While Sailin’ Shoes, the second album by Lowell George’s Little Feat, might not have set the charts alight on its initial release, it’s now regarded as a classic, and was a pivotal record for the group.
We have Frank Zappa to thank for Little Feat’s formation. George had joined Zappa’s Mothers Of Invention on rhythm guitar and vocals in late 1968; his supreme musical talent saw him quickly become an integral part of Zappa’s sound, but he left the Mothers in May 1969. George later claimed at a 1975 Little Feat gig that he was fired by Zappa because he “wrote a song about dope”. Other accounts suggest that, on hearing the song, titled Willin’, Zappa was impressed enough to tell George to follow his own musical path. Either way, Zappa would later play a vital part in Little Feat signing to Warner Bros Records.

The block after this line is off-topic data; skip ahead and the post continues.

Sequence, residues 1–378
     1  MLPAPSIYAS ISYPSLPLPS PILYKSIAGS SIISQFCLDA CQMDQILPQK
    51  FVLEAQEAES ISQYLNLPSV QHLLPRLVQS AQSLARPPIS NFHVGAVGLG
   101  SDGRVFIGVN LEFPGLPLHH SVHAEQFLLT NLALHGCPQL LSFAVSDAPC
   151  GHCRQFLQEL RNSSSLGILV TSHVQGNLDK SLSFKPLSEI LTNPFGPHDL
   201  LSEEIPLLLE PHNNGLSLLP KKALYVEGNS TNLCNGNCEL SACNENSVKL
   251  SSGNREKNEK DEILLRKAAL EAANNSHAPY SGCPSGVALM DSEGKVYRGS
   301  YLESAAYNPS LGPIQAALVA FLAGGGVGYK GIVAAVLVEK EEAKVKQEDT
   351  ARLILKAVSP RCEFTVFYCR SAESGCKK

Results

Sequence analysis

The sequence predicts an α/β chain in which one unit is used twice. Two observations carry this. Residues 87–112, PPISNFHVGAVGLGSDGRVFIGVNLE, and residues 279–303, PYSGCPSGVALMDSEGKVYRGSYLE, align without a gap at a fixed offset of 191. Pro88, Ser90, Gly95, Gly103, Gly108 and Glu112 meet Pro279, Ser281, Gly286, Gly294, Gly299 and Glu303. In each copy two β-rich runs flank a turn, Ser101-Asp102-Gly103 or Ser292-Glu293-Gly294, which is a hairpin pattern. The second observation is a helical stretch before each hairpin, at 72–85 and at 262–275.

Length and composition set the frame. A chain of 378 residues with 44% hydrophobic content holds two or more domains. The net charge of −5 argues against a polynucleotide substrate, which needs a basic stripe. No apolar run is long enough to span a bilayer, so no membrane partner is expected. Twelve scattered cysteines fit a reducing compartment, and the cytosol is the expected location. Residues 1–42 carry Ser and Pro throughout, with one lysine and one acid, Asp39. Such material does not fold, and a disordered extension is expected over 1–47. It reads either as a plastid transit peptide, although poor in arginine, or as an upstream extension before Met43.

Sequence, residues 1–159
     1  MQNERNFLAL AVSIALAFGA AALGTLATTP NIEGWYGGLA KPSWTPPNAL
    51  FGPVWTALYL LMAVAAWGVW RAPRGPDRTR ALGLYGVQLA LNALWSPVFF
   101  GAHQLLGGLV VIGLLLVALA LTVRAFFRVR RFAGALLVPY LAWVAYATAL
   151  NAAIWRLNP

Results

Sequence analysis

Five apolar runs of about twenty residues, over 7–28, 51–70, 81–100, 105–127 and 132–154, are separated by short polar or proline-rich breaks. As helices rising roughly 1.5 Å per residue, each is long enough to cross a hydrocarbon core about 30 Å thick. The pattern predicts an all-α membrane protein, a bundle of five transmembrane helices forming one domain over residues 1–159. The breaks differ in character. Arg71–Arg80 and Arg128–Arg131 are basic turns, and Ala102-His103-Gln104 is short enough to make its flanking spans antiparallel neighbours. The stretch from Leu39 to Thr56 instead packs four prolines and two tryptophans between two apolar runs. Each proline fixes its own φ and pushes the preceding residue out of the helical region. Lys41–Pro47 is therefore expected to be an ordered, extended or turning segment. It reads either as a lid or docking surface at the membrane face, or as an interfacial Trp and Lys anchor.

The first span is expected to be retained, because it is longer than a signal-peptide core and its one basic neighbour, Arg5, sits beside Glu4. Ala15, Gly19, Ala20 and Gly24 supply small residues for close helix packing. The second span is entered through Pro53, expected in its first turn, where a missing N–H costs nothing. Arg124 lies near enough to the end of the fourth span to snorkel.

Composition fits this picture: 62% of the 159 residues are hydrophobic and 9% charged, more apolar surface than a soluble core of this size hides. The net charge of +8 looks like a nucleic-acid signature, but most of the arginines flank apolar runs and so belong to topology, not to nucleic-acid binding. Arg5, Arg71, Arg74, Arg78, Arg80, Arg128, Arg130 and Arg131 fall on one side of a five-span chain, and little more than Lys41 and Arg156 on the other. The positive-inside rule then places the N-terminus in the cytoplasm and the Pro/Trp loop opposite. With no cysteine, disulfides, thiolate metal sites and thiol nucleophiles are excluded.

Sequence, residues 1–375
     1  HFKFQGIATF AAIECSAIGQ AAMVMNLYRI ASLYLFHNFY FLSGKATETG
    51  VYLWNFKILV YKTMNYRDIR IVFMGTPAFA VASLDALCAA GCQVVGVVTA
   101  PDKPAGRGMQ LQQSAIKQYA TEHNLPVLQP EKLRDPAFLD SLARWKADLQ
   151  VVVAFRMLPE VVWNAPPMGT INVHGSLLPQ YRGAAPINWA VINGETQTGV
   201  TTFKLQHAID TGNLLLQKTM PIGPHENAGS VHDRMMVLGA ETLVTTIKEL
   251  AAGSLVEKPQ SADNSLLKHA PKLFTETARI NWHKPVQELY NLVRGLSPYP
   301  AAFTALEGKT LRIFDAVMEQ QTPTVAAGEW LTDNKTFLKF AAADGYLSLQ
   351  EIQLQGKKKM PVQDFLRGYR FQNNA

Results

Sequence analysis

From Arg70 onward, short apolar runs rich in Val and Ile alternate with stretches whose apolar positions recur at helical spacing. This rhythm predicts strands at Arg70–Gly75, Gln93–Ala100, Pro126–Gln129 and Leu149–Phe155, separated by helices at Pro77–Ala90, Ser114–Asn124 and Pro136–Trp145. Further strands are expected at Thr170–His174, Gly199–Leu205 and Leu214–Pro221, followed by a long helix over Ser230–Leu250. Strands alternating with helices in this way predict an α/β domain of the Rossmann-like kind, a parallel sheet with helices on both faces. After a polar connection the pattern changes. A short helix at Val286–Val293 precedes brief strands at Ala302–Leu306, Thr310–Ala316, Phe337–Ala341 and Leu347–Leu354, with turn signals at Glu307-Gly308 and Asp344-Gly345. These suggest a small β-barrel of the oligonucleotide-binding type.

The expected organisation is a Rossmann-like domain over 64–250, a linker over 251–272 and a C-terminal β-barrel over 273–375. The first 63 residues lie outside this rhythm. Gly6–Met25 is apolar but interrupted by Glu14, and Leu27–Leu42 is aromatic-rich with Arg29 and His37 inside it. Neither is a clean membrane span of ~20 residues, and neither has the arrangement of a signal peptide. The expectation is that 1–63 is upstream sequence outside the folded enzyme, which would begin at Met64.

Listen to ‘Sailin Shoes’ here.
George took Mothers bassist Roy Estrada with him, adding pianist Bill Payne (the two musicians had hit it off when Payne auditioned unsuccessfully for the Mothers) and drummer Richard Hayward, formerly of The Fraternity Of Man. The newly christened Little Feat got down to business, working up the songs that would feature on their 1971 self-titled debut album.
“These guys were monsters in terms of musicians”
Sessions for that record took place from August to September 1970, with Russ Titelman (Randy Newman, Christine McVie, Rickie Lee Jones) on production duties. George had badly injured his hand while working on a model airplane, so Ry Cooder played slide guitar on Willin’.